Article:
1/26/2013

Where do pineapples come from?

The pineapple is most commonly noted for its likeness to a pine cone.  The tropical plant is indigenous to South America and is well known for its juiciness and sweet flavor.     The tropical fruit is indigenous to the Amazon basin (notably, Brazil and Paraguay) where it was originally domesticated and subsequently made its way around the world.  

Correspondingly, major pineapple producing countries include Brazil, Thailand, The Philippines, Costa Rica and China; the five countries accounting for approximately 50-60% of the world’s total pineapple production. During the past forty-to-fifty years, pineapple production has surged to meet growling demand.  

Pineapple represents the world’s most significant fruit trade.  Much of the product is often packed and shipped in canned or juiced form.   Primary importers of pineapples include the United States, Belgium, the Netherlands, Germany and Italy (the first three also represent large re-exporters).    The United States also stands as the world’s largest consumer of pineapple with domestic production being sourced from Hawaii.    Although processed pineapple represents a significant source of international trade; however, shipments of fresh fruit has steadily grown over time.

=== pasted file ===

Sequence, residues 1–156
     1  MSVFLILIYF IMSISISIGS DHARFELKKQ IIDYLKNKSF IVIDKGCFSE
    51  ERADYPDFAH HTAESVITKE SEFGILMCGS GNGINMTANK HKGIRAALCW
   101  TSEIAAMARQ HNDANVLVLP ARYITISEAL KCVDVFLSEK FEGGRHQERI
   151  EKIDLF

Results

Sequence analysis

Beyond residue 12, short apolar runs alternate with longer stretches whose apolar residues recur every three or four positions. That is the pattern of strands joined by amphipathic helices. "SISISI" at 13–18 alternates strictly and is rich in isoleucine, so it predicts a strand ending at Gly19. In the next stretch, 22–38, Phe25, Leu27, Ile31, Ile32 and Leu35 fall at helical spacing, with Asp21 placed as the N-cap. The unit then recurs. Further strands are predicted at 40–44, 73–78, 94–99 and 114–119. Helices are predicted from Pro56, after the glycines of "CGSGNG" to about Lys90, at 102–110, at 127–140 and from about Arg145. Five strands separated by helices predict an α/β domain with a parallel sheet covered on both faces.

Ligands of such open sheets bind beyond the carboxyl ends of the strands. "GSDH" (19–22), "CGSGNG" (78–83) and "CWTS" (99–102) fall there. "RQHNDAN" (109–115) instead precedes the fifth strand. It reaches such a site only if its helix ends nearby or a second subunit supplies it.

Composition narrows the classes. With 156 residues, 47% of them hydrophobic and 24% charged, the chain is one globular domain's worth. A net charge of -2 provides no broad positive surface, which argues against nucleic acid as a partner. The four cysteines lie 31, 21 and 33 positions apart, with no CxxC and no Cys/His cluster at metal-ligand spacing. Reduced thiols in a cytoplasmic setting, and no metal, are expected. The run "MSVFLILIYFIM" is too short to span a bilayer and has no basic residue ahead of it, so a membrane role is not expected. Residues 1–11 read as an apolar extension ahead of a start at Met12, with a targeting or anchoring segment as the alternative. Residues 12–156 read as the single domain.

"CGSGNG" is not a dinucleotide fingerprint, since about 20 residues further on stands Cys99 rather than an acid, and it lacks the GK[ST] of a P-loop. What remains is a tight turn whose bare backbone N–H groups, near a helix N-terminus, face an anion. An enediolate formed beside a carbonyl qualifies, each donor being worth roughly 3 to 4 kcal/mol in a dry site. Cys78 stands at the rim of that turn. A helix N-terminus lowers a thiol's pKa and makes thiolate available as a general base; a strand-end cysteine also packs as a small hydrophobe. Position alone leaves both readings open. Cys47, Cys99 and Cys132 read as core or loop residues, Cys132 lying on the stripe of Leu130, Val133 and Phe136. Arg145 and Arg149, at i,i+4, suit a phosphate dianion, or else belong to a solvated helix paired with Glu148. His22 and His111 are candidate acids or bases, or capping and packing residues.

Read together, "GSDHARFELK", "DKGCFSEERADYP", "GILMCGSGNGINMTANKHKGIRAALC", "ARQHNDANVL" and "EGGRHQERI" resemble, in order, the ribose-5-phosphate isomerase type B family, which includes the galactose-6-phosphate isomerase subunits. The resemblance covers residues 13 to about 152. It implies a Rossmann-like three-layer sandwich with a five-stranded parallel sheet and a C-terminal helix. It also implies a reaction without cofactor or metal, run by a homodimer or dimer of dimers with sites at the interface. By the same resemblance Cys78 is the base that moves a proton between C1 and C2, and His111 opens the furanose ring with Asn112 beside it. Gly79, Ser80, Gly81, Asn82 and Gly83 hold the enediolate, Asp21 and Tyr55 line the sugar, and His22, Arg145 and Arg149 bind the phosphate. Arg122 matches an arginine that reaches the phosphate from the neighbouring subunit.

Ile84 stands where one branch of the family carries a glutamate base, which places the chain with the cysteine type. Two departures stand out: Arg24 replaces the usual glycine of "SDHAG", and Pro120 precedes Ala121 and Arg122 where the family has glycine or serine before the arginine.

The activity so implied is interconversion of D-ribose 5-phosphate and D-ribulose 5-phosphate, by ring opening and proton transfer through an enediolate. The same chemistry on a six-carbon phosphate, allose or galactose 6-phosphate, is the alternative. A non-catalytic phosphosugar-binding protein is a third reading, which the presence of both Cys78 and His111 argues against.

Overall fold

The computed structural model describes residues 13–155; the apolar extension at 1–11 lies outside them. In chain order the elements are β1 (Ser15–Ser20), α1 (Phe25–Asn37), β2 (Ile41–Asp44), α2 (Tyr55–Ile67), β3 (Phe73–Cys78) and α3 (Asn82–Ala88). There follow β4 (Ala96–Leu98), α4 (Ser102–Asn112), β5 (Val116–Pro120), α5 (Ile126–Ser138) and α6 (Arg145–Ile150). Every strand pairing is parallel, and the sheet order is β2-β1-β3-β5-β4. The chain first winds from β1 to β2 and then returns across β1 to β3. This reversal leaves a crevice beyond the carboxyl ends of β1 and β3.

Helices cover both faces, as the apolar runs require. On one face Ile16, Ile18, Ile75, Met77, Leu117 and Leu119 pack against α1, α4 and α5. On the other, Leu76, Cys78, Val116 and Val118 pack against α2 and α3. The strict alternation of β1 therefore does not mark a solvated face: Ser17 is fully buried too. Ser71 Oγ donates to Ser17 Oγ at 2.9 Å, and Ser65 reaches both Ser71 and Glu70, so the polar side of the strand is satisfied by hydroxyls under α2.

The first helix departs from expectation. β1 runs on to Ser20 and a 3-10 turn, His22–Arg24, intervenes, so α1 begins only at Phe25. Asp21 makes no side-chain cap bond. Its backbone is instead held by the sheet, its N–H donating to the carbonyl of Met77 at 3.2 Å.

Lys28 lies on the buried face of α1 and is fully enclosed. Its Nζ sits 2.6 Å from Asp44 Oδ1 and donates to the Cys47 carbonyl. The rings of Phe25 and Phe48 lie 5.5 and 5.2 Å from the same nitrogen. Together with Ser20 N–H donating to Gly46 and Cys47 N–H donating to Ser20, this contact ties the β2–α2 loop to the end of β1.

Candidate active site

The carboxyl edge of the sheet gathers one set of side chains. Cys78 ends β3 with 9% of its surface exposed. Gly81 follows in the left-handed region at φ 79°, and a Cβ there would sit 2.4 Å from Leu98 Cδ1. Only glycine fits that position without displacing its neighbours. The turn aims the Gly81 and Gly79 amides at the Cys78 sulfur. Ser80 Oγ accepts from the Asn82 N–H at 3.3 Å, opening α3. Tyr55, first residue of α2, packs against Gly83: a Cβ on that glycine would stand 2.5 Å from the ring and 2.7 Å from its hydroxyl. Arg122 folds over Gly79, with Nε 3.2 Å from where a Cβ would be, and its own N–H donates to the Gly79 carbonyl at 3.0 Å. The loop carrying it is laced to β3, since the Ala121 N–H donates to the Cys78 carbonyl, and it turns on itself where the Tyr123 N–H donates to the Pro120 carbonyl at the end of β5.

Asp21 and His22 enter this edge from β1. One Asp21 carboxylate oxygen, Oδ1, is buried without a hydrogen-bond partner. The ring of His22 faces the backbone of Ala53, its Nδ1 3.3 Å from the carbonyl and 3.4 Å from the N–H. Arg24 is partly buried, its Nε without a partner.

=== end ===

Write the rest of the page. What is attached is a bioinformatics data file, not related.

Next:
Commercial production types of pineapple are generally referred to as “clones” because they are propagated through vegetative means through the use of a “slip” – an undeveloped fruit with a large crown.   The majority of production utilizes the Cayenne or Smooth Cayenne strains.  Flowering occurs naturally as specific times of year – primarily as the days become cooler and shorter.  However, in commercial production it can be induced throughout the year by artificial means to allow for better scheduling and ensure more readily-available supply of fresh product throughout the year.   Pineapples ripen on the tree and stop ripening once they are removed from the tree; there is no means to store and /or induce further ripening one picked.    Sweetness of a pineapple can be determined by the number of scales – the more scales the better!

Pineapple is well known for its dense nutrient value.   It is particularly noted for its Manganese content.    The fruit is also renowned for containing Bromelain – a proteolytic enzyme and thus aids in the digestive process.   

Did you know?  
Columbus is primarily responsible for introducing pineapples to the modern world.   During his travels he and his crew discovered the fruit during their travels to the Caribbean and subsequently took them back to Europe where they became very popular, especially important to serve as the “crown” of large feasts and banquets.  

So now you know….

**Source: Nevil Speer